Getting tattoos on the body is nothing more than a style statement, for the present generation. However, going back to the pages of history, tattoos in the early ages, were borne not for fashion. Instead, they were generally inscribed in the body, essentially for the medicinal and spiritual qualities. While discussing about tattoos that were impressed in the yesteryears, we cannot miss out on African tattoos, which also has its roots firmly laid to the era before Christ in the Egyptian civilization. African tattoos were not borne for ornamental appeal, during the prehistoric ages. Instead, they held great symbolic importance as well. While some tattoos protected the tribal people from every kind of harmful spirits, the others reflect the courage and bravery of a person. To know more about the emergence of African tattoos and its symbolic interpretation, browse through the following lines.
Except for the 5000 year old man recently discovered in ice, the first evidence of tattoos leads back to the mummies in Egypt. The oldest tattoo was found on the mummy of Amunet, a priestess of the Goddess Hathor, during 2160-1994 BC. The mummy's simple tattoos were parallel lines on her arms, legs, and an elliptical pattern below her navel. Interestingly, no male mummies found in Egypt had their body adored with tattoos. Egyptologists, today, are of the opinion that these designs symbolized fertility and rejuvenation in women. However, male mummies that have been found in other parts of Africa, such as Libya, have tattoos of images relating to sun worship, on their body.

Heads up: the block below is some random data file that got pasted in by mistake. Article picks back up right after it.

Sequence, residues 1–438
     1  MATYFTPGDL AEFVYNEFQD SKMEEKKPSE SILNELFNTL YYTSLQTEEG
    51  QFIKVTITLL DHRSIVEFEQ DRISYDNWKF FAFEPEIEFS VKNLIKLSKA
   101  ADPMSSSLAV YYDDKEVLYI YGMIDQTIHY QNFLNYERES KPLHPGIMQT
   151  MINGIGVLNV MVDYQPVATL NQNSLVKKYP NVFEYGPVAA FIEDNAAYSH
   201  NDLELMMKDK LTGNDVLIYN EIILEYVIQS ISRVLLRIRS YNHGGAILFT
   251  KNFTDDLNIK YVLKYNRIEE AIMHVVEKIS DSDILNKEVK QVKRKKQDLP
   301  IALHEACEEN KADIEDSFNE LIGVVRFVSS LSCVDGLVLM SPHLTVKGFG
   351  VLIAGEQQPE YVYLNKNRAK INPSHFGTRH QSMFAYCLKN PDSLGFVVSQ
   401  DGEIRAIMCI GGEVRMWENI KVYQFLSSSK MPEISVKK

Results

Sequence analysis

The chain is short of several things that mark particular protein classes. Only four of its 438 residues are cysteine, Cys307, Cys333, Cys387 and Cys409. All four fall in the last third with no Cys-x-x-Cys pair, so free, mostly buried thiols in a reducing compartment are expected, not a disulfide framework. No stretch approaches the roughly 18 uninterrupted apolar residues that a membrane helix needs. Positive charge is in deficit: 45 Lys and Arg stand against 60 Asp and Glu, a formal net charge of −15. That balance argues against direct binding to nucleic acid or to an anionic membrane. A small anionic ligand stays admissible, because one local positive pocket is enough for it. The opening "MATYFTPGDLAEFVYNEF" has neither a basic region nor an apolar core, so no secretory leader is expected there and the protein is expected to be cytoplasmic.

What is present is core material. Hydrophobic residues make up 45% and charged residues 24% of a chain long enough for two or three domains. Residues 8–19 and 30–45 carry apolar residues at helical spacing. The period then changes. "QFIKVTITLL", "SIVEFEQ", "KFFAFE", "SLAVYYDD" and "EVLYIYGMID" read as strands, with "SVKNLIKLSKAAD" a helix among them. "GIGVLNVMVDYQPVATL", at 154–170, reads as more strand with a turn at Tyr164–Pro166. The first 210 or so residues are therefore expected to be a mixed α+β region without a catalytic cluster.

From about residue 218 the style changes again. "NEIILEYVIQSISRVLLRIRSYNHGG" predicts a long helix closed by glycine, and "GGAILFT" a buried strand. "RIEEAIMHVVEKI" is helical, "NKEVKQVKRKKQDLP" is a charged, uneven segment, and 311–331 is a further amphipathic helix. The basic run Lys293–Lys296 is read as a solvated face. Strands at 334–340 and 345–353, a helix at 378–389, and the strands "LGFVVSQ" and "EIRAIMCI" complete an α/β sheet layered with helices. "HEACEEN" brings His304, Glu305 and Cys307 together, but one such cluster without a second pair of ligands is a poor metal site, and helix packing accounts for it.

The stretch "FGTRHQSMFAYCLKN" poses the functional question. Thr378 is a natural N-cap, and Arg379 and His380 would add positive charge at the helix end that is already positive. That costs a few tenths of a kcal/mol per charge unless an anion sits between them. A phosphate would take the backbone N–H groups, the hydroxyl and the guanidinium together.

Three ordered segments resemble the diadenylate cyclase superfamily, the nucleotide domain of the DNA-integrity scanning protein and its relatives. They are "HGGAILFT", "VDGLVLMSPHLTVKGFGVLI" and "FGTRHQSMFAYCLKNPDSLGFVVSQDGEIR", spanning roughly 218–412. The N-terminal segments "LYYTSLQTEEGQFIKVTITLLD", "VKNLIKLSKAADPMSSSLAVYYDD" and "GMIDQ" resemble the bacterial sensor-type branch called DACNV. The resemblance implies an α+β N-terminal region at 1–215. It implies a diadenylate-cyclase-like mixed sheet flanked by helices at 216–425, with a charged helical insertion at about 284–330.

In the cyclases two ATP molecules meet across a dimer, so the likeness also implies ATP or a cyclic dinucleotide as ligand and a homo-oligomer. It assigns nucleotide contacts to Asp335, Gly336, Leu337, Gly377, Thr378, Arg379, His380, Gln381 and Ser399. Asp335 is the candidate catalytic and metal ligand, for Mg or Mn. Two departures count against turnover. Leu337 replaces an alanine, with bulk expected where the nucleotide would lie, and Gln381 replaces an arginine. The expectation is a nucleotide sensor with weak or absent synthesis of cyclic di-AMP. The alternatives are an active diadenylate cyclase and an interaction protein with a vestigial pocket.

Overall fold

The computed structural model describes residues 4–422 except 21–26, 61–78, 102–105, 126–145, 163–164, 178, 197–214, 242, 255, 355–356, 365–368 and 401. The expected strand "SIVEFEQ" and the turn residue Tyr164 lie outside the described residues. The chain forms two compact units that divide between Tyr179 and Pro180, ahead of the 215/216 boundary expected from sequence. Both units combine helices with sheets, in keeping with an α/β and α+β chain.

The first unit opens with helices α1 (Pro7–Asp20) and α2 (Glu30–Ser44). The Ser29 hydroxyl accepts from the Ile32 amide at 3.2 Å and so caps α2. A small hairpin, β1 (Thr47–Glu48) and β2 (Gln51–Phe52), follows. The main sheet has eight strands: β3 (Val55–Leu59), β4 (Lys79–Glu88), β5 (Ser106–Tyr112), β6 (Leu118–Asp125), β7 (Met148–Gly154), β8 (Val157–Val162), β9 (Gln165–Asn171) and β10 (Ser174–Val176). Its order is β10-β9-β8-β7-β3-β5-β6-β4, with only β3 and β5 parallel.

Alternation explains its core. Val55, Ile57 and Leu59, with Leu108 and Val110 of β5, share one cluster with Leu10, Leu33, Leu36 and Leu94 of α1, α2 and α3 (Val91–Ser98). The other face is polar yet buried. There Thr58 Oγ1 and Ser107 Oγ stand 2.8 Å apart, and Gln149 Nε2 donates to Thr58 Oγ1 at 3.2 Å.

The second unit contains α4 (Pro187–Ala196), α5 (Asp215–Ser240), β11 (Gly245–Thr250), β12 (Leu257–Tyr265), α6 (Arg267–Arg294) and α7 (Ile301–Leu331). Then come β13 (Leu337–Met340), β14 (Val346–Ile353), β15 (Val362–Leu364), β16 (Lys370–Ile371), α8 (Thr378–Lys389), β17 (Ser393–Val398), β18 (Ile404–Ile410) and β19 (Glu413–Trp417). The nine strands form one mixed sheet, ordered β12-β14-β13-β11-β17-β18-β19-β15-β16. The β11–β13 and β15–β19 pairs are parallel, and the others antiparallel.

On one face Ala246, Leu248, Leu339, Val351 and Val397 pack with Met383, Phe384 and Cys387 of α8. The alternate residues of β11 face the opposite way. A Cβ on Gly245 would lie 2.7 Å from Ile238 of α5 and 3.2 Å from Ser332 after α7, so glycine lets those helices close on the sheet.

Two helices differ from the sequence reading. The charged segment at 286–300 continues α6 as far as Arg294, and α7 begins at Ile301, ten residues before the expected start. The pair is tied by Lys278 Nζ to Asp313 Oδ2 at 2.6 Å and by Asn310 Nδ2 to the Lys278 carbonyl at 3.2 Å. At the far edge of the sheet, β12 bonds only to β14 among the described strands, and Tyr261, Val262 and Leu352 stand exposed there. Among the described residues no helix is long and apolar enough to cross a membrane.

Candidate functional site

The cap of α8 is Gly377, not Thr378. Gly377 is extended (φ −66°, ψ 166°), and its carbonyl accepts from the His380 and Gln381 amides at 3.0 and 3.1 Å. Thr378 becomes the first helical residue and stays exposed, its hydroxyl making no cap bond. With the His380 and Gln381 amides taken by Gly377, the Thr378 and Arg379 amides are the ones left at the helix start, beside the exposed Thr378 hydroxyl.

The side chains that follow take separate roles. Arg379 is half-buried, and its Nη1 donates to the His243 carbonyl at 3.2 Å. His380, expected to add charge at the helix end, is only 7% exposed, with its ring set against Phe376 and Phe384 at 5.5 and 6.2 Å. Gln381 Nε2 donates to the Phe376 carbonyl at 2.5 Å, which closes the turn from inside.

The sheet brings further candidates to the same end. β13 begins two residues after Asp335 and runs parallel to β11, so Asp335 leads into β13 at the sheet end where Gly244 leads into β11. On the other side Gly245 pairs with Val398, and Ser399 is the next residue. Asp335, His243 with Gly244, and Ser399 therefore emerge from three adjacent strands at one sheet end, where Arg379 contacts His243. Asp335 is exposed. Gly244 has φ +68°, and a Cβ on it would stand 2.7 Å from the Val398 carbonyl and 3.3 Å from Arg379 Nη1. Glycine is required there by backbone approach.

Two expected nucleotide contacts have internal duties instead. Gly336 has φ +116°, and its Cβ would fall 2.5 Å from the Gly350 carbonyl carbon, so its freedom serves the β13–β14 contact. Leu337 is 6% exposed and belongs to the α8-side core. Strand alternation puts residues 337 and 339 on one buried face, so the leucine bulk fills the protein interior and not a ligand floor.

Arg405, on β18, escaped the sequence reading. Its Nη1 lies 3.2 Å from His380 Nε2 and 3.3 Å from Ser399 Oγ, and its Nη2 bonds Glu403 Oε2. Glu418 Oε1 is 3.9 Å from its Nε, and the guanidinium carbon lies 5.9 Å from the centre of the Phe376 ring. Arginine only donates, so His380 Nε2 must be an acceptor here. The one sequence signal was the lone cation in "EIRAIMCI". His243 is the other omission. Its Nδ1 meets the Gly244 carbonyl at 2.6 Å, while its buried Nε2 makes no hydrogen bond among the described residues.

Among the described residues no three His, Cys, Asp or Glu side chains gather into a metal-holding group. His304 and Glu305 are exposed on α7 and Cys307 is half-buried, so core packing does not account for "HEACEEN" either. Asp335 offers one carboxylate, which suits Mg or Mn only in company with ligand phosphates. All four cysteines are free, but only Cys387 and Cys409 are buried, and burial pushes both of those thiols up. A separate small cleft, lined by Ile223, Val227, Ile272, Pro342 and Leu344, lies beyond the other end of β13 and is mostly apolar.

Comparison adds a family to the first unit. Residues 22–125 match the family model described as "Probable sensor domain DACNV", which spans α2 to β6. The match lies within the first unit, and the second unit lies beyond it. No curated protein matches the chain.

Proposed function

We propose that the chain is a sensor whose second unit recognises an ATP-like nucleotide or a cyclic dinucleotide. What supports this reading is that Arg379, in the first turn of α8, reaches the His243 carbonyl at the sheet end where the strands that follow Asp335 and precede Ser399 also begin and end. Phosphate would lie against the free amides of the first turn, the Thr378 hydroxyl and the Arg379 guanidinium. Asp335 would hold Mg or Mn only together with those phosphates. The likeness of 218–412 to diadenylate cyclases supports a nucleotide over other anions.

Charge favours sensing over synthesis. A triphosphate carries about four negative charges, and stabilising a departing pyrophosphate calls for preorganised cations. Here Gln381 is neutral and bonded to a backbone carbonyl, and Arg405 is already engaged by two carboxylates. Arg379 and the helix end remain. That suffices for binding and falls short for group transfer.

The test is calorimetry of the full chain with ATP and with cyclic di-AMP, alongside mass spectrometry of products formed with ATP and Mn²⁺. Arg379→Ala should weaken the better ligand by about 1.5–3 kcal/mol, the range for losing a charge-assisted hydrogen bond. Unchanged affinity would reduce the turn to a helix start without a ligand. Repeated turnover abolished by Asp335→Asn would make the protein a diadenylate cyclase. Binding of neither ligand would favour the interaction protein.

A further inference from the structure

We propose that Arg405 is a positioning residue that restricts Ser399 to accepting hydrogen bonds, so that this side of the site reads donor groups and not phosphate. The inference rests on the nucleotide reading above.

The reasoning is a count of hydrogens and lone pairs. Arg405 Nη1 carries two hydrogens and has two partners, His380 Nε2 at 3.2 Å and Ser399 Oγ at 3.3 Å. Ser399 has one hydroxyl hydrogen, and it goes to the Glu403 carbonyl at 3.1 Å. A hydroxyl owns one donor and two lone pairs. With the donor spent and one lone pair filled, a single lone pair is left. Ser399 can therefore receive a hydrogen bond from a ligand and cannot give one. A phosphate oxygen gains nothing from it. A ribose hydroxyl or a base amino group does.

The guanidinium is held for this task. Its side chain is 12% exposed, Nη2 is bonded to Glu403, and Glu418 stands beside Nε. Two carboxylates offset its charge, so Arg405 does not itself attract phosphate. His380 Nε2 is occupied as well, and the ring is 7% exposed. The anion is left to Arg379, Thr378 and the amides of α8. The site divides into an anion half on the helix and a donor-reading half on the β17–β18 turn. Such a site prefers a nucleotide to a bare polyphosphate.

In the tomb of Seti I, dating back to 1300 BC, tattoos symbolizing Neith, a Fierce Goddess, who led warriors into battle, were found on men. The first known tattoo of a person was discovered on Nubian female mummies, dating to 400 BC. The tattoo image portrayed the God of Sex and overseer of orgies, Bes. Another form of early body ornamentation was 'cicatrisation'. The word cicatrisation was derived from the French word, cicatrices, which mean 'scar'. This form of body ornamentation was common among the darker-skinned people of Africa, so that their original color of skin would not show.
While contemporary tattoos involve puncturing the skin for inserting pigment, Cicatrisation involves cutting the skin more severely to create wounds, which results in a decorative pattern of scar tissue. This popular technique for scarring involves two steps - piercing the skin and then, rubbing the wound with ash. The latter step is primarily done to inflame the skin, which later heals to form a raised scar. The wounds are periodically re-opened, and inserted with a pebble or pearl, in order to enhance the raised effect.
Other African body altering traditions involve extreme forms of body piercing. The basic purpose of the art is to exaggerate body forms by ornamentation. Lips are pierced and objects are implanted inside, causing the lip tissue to elongate and conform to the shape of the implanted object as the flesh heals. Coming back to tattooing, African tribes are still seen with tattoos on their body. Available in numerable designs and forms, tattoos are mainly impressed to portray the symbols, which are unique to their group. This helps them to recognize people of their group and also those that belong to other groups.